Decides to put you away quick,
Which would send you straight to LIMB-O, ha ha ha.
But just a word in your ear, if you’ve got one.
Mind you DO take this in the right spirit,
And keep a civil tongue in your head about Me.
Because if you DON’T,
I’ve got plenty of other stuff up My sleeve,
Such as Leukemia and polio,
(Which incidentally your welcome to any time,
Whatever spirit you take this in.)
I’ve given you one love-pat, right?
You don’t want another.
So watch it, Jack.

Misspellings in original. In his memoir Experience, Martin Amis says Yevgeny Yevtushenko asked Kingsley in 1962, “You atheist?” He answered, “Well yes, but it’s more that I hate him.”

The Hasanlu Lovers

https://en.wikipedia.org/wiki/File:Hasanlu_Lovers.jpg

In 1972, archaeologists unearthed a plaster-lined brick bin in the Teppe Hasanlu site in northwestern Iran, an ancient city that had been violently sacked and burned at the end of the ninth century B.C. University of Pennsylvania archaeologist Robert Dyson wrote:

Lying in the bottom of the bin were two human skeletons, a male and a female. The male had one of its arms under the shoulder of the female, while the female was looking into the face of the male and reaching out with one hand to touch his lips. Both were young adults. Neither showed any evidence of injury; there were no obvious cuts or broken bones. There were no objects with the skeletons, but under the female’s head was a stone slab. The other contents of the bin consisted of broken pieces of plaster, charcoal, and small pieces of burned brick but nothing heavy enough to crush the bones.

“Two theories have been suggested to explain this unusual scene,” he wrote. “One, that a pair of lovers had crawled into the bin under some light material of some kind to hide in the hope of escaping the destruction of the citadel, and that this is a very tender moment between them. The other is that they were hiding and one is telling the other not to make any noise. In either case it would appear they died peacefully — probably by asphyxiation.”

Alternative Music

Norwegian musician Terje Isungset plays a trumpet and xylophone made of ice. He calls them “the only instruments you can drink after you’ve finished playing.”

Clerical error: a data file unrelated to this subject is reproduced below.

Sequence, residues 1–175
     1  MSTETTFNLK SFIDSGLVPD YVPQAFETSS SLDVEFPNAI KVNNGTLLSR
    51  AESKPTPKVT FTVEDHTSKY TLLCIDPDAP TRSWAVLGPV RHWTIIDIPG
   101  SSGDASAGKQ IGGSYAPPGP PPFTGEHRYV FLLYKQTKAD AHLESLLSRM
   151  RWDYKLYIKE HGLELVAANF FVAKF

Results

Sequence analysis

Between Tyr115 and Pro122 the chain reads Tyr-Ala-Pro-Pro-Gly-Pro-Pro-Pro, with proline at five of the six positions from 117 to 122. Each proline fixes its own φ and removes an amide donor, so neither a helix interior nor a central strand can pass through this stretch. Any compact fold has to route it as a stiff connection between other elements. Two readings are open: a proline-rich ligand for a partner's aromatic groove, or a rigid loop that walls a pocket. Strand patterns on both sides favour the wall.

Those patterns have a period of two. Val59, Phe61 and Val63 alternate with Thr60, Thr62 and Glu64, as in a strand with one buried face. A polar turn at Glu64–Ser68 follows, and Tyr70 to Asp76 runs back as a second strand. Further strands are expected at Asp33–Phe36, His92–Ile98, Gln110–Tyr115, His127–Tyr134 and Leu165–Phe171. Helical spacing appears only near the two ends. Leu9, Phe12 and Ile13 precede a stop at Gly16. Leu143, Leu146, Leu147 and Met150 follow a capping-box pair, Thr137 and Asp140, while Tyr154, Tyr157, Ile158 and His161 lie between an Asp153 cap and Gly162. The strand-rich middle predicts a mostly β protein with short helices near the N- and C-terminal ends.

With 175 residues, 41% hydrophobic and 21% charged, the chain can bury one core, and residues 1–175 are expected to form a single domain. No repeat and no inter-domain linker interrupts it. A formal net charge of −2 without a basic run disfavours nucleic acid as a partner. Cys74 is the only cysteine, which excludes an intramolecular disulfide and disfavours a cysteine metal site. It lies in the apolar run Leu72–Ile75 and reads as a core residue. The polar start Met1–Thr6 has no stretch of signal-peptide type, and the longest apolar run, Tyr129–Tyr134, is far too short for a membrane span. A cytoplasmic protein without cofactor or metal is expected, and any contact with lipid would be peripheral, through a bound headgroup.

The xylophone’s bars are cut from a Norwegian lake with a chainsaw. Isungset explains to Trevor Cox in The Sound Book, “You can have 100 pieces of ice; they will all sound different. Perhaps three will sound fantastic.”

The First Vienna Vegetable Orchestra, below, carves its instruments an hour before each show and makes them into soup afterward. There must be some way to combine these two …

Whose Who’s

What’s the difference between forgery and plagiarism?

“This has been answered clearly by Monroe C. Beardsley: In the case of plagiarism one concerns oneself in ‘passing off another’s work as one’s own’; in the case of forgery, in ‘passing off one’s own work as another’s.'”

— Sándor Radnóti, The Fake: Forgery and Its Place in Art, 1999

Black and White

ischty chess problem

By Juri Ischty. White to mate in two moves.

Click for Answer

Orthography

There once was a ,cal fellow,
Who grew .ically mellow;
With a — he was gone
To the town of :
To write for a sheet that was yellow.

She was wooed by a handsome young Dr.,
Who one day in his arms tightly lr.;
But straightway he swore
He would do so no more,
Which the same, it was plain, greatly shr.

A boy at Sault Ste. Marie
Said, “To spell I will not agree
Till they learn to spell ‘Soo’
Without any u
Or an a or an l or a t.”

There was an old maid from Duquesne
Who the rigor of mortis did fuesne;
She came to with a shout,
Saying: “Please let me out;
This coffin will drive me insuesne.”

— Stanton Vaughn, ed., Limerick Lyrics, 1904

Thorough Enough

Seven ways to pronounce ough:

  • dough
  • tough
  • hiccough
  • bough
  • ought
  • cough
  • through

A letter to the London Times, Sept. 20, 1934:

Sir,

‘A rough-coated dough-faced ploughman strode coughing and hiccoughing through the streets of Scarborough’ used to be set as a spelling-test at my prep school at Crowborough in the middle nineties.

I am, Sir, your obedient servant,

H. Pirie-Gordon

“If the English language made any sense,” wrote Doug Larson, “lackadaisical would have something to do with a shortage of flowers.”